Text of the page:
We have had an insanely busy couple of months at work. This is a good thing, but it leaves me a little flaky by the end of the day.
So when I passed by the reception desk on my way between appointments and my receptionist said to me “I don’t want to tell you what’s in back.” it was with a sense of doom and despair that I went back to the treatment area to find out.
What I found waiting for me was a shoebox.
A little, pink, child’s shoebox.
And inside the shoebox was a pair of what Andrew and I refer to as “tuft heads”. Tuft heads are hatchling birds of any species who have just enough feathers to be recognizable as birds and not animated disembodied scrotums (which, you have to admit, a featherless baby bird _does_ look like). It turns out that a dad and his little girl (could you get any more stereotypical) had brought the shoebox with the tuft heads to the front desk and said “We found these when we were out walking, can you take care of them?”.
Tuft head #1 was rather squashed and bloody. I didn’t have any reservations sending that one on to the next life.
But tuft head #2 was uninjured and squawking and I hesitated…. and was lost.
Most wildlife rehab facilities don’t have the time or the resources to spend on orphaned songbirds. I knew that the local rehab would likely euthanize the little brute if we got them involved.
And Andrew and I have raised and rehabbed more than our share of baby birds so…. so……
I called Andrew.
“Tell me I don’t need to bring home a squawking little tuft head!”
So he did.
I told my staff that *I* didn’t have the time to raise the tuft head and was just about there with the syringe full of euthanasia solution when my tech, Red (her nickname), piped in with “I could help you raise him!”
And that was that. You get a bunch of animal people together and throw a helpless little squawking thing with fur or feathers into the mix and you’re going to end up with some sort of baby to take care of. It’s just the way those things work! Since Red was going to volunteer her time and since we have a garden that is fairly ideal for a suburban bird habitat the deal was made. Red would hand raise the baby until he was big enough to graduate into a flight cage in my garden and from there into the outside world.
When I got home that evening I told Andrew that I didn’t have a little squawking tuft head with me…. yet. Then I showed him a video (which I can’t, for some reason, figure out how to upload) of BirdBert feeding and he was lost too.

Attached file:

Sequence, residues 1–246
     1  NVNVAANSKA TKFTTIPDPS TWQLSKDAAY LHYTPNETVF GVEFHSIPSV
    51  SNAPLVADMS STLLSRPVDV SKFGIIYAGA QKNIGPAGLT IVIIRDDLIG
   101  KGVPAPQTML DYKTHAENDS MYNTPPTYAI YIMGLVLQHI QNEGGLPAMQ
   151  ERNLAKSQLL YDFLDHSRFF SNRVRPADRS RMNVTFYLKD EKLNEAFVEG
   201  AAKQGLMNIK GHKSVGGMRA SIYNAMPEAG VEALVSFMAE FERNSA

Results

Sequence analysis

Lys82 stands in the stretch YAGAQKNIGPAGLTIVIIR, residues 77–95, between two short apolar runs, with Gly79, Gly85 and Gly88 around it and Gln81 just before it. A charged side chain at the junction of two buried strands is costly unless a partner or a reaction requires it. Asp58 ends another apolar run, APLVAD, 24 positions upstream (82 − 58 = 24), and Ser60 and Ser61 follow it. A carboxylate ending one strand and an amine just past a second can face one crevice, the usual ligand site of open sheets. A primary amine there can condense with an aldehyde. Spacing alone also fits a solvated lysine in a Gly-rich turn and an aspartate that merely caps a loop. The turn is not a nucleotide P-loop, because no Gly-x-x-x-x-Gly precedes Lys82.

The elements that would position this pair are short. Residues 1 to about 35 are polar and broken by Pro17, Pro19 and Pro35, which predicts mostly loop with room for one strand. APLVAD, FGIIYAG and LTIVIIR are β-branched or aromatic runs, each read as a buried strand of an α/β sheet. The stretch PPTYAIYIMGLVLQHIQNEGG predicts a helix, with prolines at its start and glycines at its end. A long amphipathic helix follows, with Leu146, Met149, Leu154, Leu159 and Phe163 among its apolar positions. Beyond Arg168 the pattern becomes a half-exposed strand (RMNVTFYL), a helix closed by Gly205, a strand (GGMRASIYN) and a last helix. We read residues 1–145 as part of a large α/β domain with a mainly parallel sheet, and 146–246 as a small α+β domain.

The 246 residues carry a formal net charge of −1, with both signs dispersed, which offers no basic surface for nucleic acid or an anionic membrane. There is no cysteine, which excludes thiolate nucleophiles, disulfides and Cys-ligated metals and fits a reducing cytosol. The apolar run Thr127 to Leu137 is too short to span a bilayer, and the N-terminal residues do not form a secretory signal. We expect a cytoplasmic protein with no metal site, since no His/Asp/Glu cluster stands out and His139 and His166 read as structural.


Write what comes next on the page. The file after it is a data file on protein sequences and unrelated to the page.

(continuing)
At first BirdBert (Red called him “Gene Wilder”, but I like BirdBert better) shuttled back and forth from work to Red’s house in a cardboard box. Then he got too big for the box so Red went and got a little Habitrail habitat for him at the pet store. BirdBert would eat a mix of our canned, high powered recovery diet mixed with a bird micronutrient supplement every half an hour or so from about 5 a.m. to about 8 p.m. then he’d shut down for the night. The whole no night feeding routine being one of the major benefits of raising baby songbirds.
I was on my way home from a garden date at Susan’s about 10 days later when Red called to tell me that BirdBert was getting a little friskier than she thought she could handle with her limited space and lack of experience. When I got home Andrew was in the garage building a bird condo. 🙂
Red showed up about an hour later and we installed BirdBert in his new quarters.
For the first week or so BirdBert would shuttle back and forth to work with me, spending any daylight hours I was at home in the bird condo. Gradually, as BirdBert required feeding less often, BirdBert graduated to spending the day at our house in the bird condo, with Andrew coming upstairs to feed him once an hour, and spending the nights in his Habitrail in my office (the cats were FASCINATED).
BirdBert got bigger, got better at flying and would spend days when I was at home beetling about the garden with me but would still spend nights shut up in the bird condo.
The first night we left BirdBert’s condo door open I was pretty much convinced that we’d get up the next morning and find BirdBert remains on the back porch. We have raccoons that frequent our garden overnight and BirdBert is still not real good at keeping himself off the ground. We got up the next morning and… no BirdBert.
I was trying to be very optimistic about the whole thing. BirdBert is a wild bird and _had_ to be given the chance to be a real grown up adult and if he got eaten then he got eaten and…. Until about 2p.m. when I was planting peas and BirdBert chased me down in the garden and danced around in my pea patch squalling for a snack. At which point I burst into tears. Feathery little idiot!
BirdBert has continued to learn how to be a big bird. BirdBert flies pretty well, still spends more time on the ground than I think is entirely safe, and has graduated to only chasing us down and squalling for a snack 2-3 times per day. It seems we’ll have an imprinted wild bird living in our garden this summer.
Considering the fauna that I might be bringing home from work I figure that a single small bird is probably of minimal impact.